- Tame Iti is free (+photos)Posted 86 days ago
- Lauryn Hill supports Maori Designer at RaggamuffinPosted 107 days ago
- White Island volcanic activity a growing concernPosted 122 days ago
- Maori culture adapting to presence in online mediaPosted 137 days ago
- #IdleNoMore – an Aotearoa perspective | Marama DavidsonPosted 139 days ago
- Ainu Youth use crowdsourcing site to fundraise for trip to visit Maori in AotearoaPosted 139 days ago
- Welcoming in the New YearPosted 140 days ago
Ta Moko (Maori Tattoo) When Imitation is the Sincerest Form of Insult
Karen L. Hudson, former About.com Guide
They say that “imitation is the sincerest form of flattery”. In many cases, this is true. Imitation is important in many cultures. Children learn by imitating their parents. Teens seek acceptance from their peers by imitating fashion trends, choices in music and even linguistic phrases. Even adults will often imitate their mentors to show their respect and admiration. But there are situations when imitation is actually an insult, not flattery. Ta Moko is one of those situations.
Ta Moko is the tapu (sacred) form of family and personal identification among those of Maori whakapapa (genealogy). Genealogy is so important to the Maori people that they know their family history back 2000 years. Moko is the process of carving (cutting deep grooves) and coloring a family history story-telling pattern into the skin of a Maori descendant. It is not limited to facial tattoos, as many mistakenly assume, although it certainly can include partial or full facial patterns.
It is not surprising that members of other civilizations have come to admire the beauty of Ta Moko. Some have even gone to the extent of copying tattoo patterns and language phraseology taken from the Maoritanga (Maori culture). This is a very serious mistake, and one that has members of the Maori culture very upset.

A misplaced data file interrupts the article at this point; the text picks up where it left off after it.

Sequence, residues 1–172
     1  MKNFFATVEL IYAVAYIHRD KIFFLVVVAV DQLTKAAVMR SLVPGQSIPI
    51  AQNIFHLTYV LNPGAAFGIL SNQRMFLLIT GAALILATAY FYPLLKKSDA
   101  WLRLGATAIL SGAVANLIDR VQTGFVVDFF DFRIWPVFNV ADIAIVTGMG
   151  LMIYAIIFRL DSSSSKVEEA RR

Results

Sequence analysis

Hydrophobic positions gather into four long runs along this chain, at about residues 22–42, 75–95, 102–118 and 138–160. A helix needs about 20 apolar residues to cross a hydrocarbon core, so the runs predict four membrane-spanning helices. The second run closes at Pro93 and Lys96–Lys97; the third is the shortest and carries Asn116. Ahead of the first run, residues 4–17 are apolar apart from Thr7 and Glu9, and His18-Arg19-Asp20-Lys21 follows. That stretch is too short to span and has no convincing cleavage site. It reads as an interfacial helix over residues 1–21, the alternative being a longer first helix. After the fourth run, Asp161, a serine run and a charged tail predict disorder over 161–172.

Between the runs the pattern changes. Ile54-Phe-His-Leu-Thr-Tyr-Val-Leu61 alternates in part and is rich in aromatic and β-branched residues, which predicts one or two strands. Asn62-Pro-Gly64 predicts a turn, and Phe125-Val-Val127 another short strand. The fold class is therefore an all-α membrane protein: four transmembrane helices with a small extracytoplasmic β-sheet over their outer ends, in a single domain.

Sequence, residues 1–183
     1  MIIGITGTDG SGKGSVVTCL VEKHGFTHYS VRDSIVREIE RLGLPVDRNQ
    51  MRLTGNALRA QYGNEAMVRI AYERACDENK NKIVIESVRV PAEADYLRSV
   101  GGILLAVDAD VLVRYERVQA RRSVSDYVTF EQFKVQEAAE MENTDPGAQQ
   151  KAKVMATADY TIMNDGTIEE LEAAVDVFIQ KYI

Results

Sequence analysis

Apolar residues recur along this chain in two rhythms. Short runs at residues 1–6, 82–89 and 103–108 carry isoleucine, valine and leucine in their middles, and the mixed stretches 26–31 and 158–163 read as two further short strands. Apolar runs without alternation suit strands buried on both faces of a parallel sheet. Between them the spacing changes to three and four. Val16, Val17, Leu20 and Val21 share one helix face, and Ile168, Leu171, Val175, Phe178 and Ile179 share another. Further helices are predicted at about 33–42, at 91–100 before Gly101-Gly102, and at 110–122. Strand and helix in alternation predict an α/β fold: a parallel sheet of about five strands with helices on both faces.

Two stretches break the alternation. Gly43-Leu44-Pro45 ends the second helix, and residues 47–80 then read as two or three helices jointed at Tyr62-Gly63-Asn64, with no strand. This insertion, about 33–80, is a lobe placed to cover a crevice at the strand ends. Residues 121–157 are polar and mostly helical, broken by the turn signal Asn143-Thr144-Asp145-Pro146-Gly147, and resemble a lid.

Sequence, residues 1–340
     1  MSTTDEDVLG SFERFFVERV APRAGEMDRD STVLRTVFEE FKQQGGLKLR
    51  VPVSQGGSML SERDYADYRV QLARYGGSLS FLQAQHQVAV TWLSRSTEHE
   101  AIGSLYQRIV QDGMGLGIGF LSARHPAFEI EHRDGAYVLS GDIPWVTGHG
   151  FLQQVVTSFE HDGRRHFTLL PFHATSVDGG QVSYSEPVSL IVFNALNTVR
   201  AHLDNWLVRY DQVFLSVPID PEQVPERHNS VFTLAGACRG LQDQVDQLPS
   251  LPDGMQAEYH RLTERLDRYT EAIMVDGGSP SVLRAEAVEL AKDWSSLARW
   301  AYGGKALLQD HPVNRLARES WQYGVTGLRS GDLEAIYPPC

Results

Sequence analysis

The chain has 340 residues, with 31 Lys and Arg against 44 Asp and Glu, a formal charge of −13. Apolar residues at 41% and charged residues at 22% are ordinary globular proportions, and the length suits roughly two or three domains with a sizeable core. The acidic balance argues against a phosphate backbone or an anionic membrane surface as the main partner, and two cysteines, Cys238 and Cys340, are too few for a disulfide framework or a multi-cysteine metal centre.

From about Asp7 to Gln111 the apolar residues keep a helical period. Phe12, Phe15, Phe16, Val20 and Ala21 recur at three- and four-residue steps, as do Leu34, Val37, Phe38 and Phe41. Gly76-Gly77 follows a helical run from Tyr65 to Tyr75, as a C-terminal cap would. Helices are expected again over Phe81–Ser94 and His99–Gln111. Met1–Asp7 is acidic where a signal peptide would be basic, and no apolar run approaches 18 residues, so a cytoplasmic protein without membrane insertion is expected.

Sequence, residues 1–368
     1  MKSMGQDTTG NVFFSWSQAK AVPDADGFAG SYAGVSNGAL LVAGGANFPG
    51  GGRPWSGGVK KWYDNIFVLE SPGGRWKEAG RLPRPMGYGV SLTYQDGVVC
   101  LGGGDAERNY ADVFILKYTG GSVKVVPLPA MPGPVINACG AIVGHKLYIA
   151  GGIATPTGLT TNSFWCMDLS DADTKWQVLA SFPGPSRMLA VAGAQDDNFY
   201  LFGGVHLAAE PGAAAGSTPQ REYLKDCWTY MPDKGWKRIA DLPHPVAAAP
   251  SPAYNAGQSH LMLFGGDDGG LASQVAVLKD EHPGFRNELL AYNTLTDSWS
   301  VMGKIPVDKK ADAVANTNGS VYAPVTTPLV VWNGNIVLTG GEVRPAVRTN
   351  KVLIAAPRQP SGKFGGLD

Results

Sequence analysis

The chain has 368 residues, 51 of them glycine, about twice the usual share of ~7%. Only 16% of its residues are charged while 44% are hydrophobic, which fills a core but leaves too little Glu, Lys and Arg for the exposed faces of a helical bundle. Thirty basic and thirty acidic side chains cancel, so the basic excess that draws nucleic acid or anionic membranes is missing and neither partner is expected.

Theft of Identity
Most of us are familiar with the horrors of identity theft. Someone lifts your wallet, and the next thing you know they’re parading around with your name, your credit cards and your reputation. But maybe the thief was just imitating you because they liked you so much! Aaaahhhh……not so flattering now, is it?
Copying a Maori’s Ta Moko is nothing less than identity theft. It’s disgraceful and it’s immoral. The only difference is that the Maori really don’t have any recourse against anyone who is thoughtless enough to rape them of their individuality. Ta Moko is as unique to the wearer as your own fingerprints – how would you feel if someone stole those from you?
In the Words of a Maori
“Kat” is a Maori who shares her views on Ta Moko imitation. “Pakeha (whites) are distinctly known for not asking, [and] for assuming that how they see the world is [how] others do so also…[They] bastardize our spirituality and culture and claim it as theirs…Non-Maori wearing it as a form of body art are generally considered wannabees, fakes and frauds that show not only a disrespect for our culture, but lie about their own. (How can you respect your own family when you wear the family signature of strangers?) Even if non-Maori do it in a ‘respectful’ fashion (according to what their non-Maori values dictate is respectful), this is still rude. There is not, in other words, any sense of it being ‘okay’ for non-Maori to wear Maori Ta Moko.”
Kirituhi – A Possible Alternative
If you are dead set on getting a tattoo that is fashioned in the style of Ta Moko, consider instead kirituhi. Kirituhi is a form of pattern art that looks like Ta Moko, but deliberately does not make any reference to Maori symbolism. Kirituhi literally means “skin art” and the patterns are designed to meet the demands of non-Maori wishing to have similar tattoos.
He Taonga Whakamiharo (Treasures to be Admired)
There are many forms of splendor in the world that we admire from a distance. It is not necessary to kill an animal and display it in your home to enjoy its beauty. Flowers are best appreciated when left alone, rather than picked and allowed to wither and die in a vase. And the sanctity of Maori culture, along with their Ta Moko, is honored most when respected, not imitated.